Engineering Intuition: Understanding Complex Problems And Generating Accurate Solutions – OpEd


“Engineering intuition” refers to an engineer’s ability to quickly comprehend and solve complex engineering problems using their experience and knowledge, akin to how an experienced medical specialist can accurately diagnose a patient within the first five minutes of examination.

During the process of engineering education, practical experiences derived from real-world applications complement theoretical knowledge and contribute to the development of engineering intuition. Complex engineering projects often abound with uncertainties, and traditional calculation methods may not always apply. In this context, engineering intuition encompasses the ability to understand complex systems, anticipate potential risks, and devise accurate solutions.

This skill, known as “intuition” among experienced engineers, evolves over time and is crucial for success in engineering applications. However, it is a fact that young engineers may not always be certain about the accuracy of their calculations, leading them to question their reliability.

A professor claiming that catastrophic failures can occur due to shifting commas still seems to believe they are back in middle school learning about fractions and decimals! For centuries, it has been recognized that arithmetic errors could occur, especially in the absence of modern calculators, and verification was necessary for all arithmetic operations. Due to the limited time allotted in exams, verification may not always be feasible. Moreover, a comma shift can alter the result by at least 10 times! For example, instead of 20 bolts, it could become 200 bolts; instead of a 2.5mm² wire section, it could become 250mm²; an HEA400 profile could turn into an NPU100 profile. I have yet to encounter a technical professional who wouldn’t say “something is wrong somewhere” after seeing such results; a bit of integrity would suffice.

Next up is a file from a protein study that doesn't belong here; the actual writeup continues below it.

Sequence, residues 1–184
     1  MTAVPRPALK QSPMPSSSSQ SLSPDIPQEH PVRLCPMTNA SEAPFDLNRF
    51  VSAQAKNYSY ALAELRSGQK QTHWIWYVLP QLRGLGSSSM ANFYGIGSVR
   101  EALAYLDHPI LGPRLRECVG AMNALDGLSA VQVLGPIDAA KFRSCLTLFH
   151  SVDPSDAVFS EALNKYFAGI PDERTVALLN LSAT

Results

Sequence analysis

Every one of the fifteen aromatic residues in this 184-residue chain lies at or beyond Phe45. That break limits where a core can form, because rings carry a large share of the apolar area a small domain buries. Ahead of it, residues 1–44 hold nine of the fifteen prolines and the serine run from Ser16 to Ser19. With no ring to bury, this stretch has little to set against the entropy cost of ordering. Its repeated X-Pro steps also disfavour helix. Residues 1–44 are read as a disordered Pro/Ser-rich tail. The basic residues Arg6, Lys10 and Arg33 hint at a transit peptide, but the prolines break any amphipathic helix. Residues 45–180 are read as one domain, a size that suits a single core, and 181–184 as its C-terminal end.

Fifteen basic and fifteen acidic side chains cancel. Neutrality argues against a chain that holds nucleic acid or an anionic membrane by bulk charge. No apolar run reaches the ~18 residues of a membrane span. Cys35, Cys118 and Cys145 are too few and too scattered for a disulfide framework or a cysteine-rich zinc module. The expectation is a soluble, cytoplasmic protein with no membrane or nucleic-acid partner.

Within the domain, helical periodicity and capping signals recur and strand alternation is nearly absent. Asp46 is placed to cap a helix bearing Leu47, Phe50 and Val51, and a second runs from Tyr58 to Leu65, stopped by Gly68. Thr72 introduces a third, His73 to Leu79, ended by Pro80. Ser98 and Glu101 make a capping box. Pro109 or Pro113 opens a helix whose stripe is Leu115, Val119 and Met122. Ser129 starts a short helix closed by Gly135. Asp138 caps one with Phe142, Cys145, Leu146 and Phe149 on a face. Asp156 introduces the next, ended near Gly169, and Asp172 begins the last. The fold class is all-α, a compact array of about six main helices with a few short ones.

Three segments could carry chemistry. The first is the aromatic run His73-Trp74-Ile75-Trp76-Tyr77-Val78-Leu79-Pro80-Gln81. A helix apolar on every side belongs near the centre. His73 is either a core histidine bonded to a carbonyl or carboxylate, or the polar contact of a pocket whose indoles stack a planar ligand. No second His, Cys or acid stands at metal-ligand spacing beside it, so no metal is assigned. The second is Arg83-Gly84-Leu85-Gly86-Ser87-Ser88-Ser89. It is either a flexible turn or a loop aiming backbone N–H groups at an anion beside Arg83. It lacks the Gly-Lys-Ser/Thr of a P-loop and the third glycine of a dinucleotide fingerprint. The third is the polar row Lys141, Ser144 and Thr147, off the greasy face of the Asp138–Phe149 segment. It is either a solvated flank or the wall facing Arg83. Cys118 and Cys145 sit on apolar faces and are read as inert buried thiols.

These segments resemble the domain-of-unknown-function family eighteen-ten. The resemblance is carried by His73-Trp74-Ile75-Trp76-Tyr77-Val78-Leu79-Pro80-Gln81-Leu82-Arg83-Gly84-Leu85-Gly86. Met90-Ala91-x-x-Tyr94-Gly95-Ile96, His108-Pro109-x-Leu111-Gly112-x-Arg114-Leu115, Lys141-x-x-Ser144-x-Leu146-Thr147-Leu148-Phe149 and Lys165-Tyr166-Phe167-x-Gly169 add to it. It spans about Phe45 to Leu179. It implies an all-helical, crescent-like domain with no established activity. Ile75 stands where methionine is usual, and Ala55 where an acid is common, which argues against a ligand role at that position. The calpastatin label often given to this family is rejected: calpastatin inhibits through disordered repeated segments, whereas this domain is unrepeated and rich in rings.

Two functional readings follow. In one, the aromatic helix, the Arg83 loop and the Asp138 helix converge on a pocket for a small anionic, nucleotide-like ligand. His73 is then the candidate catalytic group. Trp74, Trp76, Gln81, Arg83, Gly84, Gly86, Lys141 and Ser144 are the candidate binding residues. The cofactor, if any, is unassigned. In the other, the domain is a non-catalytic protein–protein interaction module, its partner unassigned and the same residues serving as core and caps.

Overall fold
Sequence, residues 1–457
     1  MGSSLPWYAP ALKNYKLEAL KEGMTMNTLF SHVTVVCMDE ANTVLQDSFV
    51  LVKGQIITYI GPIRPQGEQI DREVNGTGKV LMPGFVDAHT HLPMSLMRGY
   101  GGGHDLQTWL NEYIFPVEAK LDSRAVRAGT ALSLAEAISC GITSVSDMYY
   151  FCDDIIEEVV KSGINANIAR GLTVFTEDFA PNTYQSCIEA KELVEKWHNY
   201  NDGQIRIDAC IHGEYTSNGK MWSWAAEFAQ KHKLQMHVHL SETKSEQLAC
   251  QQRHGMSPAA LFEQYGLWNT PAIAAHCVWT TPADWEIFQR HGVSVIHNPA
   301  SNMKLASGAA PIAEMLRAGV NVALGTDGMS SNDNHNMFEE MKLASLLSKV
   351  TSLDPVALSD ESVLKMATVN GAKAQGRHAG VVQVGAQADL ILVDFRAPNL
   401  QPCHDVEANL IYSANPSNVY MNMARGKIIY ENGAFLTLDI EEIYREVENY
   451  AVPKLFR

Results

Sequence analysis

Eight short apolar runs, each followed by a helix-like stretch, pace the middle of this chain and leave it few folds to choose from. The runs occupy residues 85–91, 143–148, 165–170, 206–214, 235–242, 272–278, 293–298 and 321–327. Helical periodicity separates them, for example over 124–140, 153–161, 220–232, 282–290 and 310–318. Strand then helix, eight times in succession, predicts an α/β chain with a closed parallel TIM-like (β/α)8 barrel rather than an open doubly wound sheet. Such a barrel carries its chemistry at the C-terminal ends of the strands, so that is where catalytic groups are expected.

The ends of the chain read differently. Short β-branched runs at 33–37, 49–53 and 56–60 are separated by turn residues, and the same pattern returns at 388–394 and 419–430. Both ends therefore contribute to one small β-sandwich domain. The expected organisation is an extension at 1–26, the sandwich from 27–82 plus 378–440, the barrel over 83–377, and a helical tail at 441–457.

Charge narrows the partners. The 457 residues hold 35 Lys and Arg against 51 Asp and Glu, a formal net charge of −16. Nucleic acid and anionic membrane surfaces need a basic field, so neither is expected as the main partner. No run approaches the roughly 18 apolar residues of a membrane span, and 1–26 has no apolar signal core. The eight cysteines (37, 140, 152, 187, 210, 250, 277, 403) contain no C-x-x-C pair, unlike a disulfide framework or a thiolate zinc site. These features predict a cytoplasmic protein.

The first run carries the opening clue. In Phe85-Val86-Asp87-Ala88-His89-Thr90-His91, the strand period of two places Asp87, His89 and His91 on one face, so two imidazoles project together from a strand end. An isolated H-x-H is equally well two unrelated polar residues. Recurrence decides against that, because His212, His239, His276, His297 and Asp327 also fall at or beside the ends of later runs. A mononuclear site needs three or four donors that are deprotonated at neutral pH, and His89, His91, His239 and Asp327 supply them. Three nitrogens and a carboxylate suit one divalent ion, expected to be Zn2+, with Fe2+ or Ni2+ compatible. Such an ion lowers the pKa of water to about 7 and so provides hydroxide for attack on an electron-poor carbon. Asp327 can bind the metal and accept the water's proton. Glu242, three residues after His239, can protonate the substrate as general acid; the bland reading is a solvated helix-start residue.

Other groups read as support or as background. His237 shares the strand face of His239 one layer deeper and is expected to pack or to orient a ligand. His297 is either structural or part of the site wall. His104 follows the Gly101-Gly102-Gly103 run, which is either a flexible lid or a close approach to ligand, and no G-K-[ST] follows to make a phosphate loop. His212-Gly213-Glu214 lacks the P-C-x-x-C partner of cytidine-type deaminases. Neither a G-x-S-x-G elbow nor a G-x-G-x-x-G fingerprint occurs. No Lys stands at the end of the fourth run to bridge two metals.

Today, as alternative solutions are sought for energy problems and challenges such as charging and battery issues with electric vehicles, options like hydrogen energy are also being considered. However, there remains a debate about how much of the decisions made in these areas are based on accurate information versus speculation.

Especially in regions prone to earthquakes, the design and material selection of structures are of utmost importance. While reinforced concrete structures are generally preferred, it is known that steel construction cage structures are safer. Despite arguments advocating for steel cage structures in earthquake-prone areas in our country, universities only teach the technique of building reinforced concrete buildings.

Furthermore, the question of who will interpret and examine the accuracy of investment decisions made by politicians based on uninformed political considerations is an important one. These decisions should not be made solely to achieve political objectives; rather, expert opinions should also be taken into account.

Haluk Direskeneli

Haluk Direskeneli, is a graduate of METU Mechanical Engineering department (1973). He worked in public, private enterprises, USA Turkish JV companies (B&W, CSWI, AEP, Entergy), in fabrication, basic and detail design, marketing, sales and project management of thermal power plants. He is currently working as freelance consultant/ energy analyst with thermal power plants basic/ detail design software expertise for private engineering companies, investors, universities and research institutions. He is a member of Chamber of Turkish Mechanical Engineers Energy Working Group.

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